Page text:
With NL MVP Bryce Harper leading the way, with the additions to the lineup and with all of the team’s most important players healthy again, the Nationals’ offense can compete with just about any in the National League. The starting rotation of Scherzer, Stephen Strasburg, Gio Gonzalez, Tanner Roark and Joe Ross has what it takes to lead the Nationals to the postseason in 2016.

The bullpen, on the other hand, is still a matter of concern for the team. The Nationals appear to have built  a formidable middle of the ‘pen with the additions mentioned above, but the back-end of the bullpen remains a major question mark for the ball club.

After they traded Drew Storen to the Blue Jays in the trade that brought Revere to D.C., the Nationals are now left with Jonathan Papelbon as their only true option for the ninth inning role. Barring a surprise trade before Spring Training, Papelbon will more than likely be the closer on Opening Day.

Papelbon, of course, was suspended at the end of the 2015 season for choking Harper in a heated dugout argument. The Nationals wanted to trade Papelbon this offseason, but given his baggage, his hefty price tag and the fact that he has an extensive no-trade list, dealing the veteran right-hander was all but impossible.

So, the Nationals will likely be forced to stand behind a player who lost the respect of his fans and caused one of the most embarrassing moments in team history. He may very well be booed every time he takes the mound at Nationals Park early in the season, and he may never be a good fit with the Nationals.

But Papelbon has seen great success throughout his career, and despite his reputation, he’s one of the most accomplished closers in the history of the game. If Papelbon can pitch to his ability and stay out of trouble in 2016, he may very well play a key role for the Nationals in 2016. Or, his attitude could create a major problem in the clubhouse that ultimately takes a toll on how the team plays on the field. Who knows. That scenario is less likely, but given Papelbon’s history, it’s certainly a possibility.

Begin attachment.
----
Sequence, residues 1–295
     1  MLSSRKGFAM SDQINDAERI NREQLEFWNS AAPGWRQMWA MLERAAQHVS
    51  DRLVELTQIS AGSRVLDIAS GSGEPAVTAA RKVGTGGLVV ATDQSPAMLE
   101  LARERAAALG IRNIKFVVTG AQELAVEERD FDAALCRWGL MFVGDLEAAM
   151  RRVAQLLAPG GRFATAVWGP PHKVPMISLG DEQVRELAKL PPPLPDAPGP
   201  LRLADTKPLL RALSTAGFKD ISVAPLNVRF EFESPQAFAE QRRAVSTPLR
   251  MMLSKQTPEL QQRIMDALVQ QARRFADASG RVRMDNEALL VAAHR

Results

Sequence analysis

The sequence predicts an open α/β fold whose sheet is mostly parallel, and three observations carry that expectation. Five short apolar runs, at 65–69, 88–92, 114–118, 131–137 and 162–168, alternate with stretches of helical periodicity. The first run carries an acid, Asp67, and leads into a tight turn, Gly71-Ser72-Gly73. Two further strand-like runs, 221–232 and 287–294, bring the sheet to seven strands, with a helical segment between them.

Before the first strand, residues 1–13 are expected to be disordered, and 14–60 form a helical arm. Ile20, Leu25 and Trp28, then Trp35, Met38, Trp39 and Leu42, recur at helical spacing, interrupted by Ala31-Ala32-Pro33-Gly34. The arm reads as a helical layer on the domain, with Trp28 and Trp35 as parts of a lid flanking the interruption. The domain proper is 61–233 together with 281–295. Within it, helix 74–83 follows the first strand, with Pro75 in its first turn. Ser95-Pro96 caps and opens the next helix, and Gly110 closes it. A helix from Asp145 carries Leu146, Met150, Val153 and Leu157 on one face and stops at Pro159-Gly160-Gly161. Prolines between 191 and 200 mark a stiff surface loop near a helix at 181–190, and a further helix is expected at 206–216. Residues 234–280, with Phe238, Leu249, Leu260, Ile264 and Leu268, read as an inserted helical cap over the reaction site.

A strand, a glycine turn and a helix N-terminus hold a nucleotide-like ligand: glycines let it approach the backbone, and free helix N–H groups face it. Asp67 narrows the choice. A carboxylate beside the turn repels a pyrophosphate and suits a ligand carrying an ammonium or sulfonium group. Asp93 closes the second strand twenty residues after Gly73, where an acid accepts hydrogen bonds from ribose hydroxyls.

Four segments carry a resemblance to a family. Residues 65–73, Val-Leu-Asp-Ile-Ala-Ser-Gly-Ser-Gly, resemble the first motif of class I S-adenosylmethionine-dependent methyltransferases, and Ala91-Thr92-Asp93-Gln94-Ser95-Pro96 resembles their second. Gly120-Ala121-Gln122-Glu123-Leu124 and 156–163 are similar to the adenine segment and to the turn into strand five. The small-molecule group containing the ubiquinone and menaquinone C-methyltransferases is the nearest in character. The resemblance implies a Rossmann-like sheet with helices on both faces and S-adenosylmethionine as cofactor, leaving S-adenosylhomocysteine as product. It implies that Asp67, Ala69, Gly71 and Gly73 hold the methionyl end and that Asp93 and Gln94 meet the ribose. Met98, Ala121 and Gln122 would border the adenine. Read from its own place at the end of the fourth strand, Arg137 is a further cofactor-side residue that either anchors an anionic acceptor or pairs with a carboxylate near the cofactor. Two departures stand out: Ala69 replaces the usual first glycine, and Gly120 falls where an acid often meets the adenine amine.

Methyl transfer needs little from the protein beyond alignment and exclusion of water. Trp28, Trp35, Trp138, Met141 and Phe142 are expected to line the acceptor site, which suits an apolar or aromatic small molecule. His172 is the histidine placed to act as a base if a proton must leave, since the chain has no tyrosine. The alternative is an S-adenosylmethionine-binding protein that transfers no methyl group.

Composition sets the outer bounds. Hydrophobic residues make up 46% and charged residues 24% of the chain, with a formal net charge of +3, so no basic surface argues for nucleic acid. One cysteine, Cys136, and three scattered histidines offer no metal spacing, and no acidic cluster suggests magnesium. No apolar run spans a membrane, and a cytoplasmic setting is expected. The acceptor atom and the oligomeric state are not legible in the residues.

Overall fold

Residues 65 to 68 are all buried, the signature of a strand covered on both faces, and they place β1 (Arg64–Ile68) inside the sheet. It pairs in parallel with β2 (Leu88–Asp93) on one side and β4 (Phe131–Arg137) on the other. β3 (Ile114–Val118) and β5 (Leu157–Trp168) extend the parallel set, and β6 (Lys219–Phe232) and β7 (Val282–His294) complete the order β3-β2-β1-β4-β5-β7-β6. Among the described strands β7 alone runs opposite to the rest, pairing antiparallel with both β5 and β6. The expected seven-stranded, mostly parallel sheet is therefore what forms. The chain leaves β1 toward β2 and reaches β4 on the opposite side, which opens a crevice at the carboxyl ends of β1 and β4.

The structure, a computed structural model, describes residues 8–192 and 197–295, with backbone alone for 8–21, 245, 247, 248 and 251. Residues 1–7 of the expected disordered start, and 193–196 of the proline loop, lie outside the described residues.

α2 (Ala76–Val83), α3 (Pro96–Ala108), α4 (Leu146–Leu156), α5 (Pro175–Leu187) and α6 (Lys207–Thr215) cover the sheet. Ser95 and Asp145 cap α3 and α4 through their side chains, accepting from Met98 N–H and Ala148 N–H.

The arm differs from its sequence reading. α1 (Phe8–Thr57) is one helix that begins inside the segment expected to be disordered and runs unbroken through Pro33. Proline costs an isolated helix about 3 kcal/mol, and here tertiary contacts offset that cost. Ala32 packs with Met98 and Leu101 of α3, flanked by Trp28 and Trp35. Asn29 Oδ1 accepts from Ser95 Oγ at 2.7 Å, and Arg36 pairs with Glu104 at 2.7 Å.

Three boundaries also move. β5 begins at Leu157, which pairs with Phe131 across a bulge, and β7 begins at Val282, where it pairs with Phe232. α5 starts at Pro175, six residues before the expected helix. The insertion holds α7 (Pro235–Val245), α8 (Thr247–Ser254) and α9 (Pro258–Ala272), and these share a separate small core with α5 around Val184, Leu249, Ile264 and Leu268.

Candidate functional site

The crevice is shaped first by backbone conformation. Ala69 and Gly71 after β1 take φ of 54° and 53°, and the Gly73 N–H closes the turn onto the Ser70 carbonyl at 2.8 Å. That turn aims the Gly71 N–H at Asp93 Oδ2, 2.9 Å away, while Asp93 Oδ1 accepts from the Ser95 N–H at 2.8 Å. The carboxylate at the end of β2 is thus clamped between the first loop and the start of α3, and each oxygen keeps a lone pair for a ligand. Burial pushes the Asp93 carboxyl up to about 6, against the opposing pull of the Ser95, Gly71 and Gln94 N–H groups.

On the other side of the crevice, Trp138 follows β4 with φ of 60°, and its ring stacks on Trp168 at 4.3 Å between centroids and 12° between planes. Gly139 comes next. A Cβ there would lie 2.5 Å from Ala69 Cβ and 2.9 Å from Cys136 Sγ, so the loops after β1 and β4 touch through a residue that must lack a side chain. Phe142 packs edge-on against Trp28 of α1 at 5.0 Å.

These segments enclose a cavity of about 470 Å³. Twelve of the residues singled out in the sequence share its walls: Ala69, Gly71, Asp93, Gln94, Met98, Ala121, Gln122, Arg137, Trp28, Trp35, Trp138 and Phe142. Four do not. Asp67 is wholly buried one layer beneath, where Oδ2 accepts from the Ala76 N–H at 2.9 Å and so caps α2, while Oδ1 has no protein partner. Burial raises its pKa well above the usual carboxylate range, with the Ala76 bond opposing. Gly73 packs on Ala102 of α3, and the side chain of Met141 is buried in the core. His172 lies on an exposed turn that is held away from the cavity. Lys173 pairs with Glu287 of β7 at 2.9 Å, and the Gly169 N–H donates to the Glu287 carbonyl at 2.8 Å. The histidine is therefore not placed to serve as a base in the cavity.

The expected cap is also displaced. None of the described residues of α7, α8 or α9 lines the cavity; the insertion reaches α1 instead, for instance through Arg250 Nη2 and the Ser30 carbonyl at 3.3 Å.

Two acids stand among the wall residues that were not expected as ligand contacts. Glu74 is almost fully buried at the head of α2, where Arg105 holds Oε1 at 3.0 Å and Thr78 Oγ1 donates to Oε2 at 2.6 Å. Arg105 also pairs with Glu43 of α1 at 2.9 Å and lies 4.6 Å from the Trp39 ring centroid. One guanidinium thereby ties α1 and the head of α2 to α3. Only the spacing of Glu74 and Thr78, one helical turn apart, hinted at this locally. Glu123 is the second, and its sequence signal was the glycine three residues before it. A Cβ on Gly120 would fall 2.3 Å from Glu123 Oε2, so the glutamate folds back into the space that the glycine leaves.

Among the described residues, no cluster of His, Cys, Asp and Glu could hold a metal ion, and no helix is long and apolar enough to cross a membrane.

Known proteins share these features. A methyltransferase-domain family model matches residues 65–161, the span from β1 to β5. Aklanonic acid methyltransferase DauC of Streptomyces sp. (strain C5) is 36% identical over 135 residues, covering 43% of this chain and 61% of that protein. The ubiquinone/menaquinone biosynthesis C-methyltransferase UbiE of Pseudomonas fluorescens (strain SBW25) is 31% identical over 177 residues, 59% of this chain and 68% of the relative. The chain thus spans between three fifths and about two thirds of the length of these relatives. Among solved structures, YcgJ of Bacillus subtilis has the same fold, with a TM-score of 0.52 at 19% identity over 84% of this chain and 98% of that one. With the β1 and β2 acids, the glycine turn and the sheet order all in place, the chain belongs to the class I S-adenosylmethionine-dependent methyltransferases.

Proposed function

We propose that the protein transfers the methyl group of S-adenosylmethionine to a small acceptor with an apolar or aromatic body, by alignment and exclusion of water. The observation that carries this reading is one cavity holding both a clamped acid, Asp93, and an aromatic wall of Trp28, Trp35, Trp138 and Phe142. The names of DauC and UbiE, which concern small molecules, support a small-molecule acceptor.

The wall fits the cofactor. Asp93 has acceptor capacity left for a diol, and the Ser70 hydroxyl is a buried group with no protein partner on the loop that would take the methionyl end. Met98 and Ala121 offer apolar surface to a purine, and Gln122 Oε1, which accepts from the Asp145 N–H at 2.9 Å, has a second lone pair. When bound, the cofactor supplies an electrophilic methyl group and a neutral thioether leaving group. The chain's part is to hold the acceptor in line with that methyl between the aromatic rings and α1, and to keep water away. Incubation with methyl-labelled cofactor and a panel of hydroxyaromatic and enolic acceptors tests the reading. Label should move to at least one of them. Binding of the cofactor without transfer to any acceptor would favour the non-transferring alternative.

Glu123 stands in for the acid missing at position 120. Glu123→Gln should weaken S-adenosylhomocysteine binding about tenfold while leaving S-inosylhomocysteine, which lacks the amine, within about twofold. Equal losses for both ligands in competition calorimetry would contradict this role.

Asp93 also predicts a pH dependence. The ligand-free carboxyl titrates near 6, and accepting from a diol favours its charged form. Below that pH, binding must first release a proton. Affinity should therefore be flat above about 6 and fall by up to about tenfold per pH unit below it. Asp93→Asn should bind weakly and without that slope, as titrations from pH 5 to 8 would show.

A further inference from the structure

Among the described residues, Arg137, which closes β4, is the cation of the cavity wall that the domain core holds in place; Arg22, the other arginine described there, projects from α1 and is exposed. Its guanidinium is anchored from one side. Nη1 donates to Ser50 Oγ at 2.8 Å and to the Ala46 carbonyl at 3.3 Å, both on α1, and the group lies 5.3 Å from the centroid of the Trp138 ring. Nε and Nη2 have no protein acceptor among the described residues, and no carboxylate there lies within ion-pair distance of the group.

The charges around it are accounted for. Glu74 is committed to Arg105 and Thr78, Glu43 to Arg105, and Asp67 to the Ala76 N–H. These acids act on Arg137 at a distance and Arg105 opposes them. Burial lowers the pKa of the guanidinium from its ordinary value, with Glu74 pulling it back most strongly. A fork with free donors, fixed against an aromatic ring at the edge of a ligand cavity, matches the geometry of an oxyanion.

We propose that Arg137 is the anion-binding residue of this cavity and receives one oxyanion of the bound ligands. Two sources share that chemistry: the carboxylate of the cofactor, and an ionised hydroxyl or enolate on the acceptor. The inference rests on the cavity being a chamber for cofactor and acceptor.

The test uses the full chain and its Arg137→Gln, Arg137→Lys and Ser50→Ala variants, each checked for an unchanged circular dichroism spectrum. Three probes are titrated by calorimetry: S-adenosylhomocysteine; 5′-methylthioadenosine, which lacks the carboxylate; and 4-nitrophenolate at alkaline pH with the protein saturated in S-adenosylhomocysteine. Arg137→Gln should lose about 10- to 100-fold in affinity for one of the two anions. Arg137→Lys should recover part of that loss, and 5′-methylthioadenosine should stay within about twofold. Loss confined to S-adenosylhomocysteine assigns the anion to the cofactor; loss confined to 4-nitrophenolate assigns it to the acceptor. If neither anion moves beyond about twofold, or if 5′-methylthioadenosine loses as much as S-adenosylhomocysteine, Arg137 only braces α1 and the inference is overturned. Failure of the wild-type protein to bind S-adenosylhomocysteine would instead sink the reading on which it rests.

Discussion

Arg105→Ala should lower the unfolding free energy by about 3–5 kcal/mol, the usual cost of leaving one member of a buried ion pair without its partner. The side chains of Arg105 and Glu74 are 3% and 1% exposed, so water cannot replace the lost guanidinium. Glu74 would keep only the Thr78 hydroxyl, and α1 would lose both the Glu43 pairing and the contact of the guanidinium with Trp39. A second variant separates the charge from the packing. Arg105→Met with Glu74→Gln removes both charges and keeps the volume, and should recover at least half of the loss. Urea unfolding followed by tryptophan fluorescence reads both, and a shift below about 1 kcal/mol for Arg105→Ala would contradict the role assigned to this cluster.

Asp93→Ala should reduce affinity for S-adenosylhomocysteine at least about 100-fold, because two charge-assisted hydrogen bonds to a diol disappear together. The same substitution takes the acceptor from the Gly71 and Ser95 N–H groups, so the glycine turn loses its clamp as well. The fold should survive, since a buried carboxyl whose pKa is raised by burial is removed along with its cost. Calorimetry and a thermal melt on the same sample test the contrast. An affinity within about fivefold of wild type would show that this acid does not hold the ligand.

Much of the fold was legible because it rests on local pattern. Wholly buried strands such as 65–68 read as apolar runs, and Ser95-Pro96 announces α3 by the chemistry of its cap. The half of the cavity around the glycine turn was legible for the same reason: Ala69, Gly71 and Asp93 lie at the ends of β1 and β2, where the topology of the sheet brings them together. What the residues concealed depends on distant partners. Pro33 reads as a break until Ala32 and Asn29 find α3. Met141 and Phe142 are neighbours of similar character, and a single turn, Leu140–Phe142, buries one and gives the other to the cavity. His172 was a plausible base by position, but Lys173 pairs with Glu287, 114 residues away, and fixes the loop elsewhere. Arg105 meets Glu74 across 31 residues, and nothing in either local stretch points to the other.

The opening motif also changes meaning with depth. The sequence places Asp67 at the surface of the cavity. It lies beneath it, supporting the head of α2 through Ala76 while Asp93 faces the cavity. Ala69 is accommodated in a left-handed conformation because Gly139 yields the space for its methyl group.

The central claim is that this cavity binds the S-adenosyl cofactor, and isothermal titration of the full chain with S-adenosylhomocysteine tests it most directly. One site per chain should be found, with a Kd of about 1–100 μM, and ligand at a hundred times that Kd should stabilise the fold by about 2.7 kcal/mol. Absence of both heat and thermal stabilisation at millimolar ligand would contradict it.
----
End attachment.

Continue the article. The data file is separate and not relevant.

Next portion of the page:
Despite the Papelbon issue, the bullpen is far, far better today than it was on the last day of the regular season.

As we get closer to Spring Training, the Nationals are in a good place as a team. They will once again enter the season with sky-high expectations, and the pressure to win will be higher than ever for the front office. This time, however, the Nationals and their fans enter the new year with a more cautious mentality. The team showed in 2015 that it is far from perfect, and until the Nationals once again prove they can win consistently, there are plenty of reasons to be be skeptical about the team in 2016.

That being said, there are also plenty of reasons to feel good about the Nationals right now. They’re young, they have one of the most accomplished managers in baseball, they’re talented, and — if they can stay healthy — they have the potential to be one of the best teams in the game.

Next: Ben Revere excited to join Nats, play with Harper

The Nationals are in a good place right now, but ultimately the success of the offseason and the true state of the franchise will be determined by how the team performs in the regular season. Only time will tell if the 2016 Nationals can accomplish what last year’s team failed to do: turn a dominant team on paper into a dominant team on the field.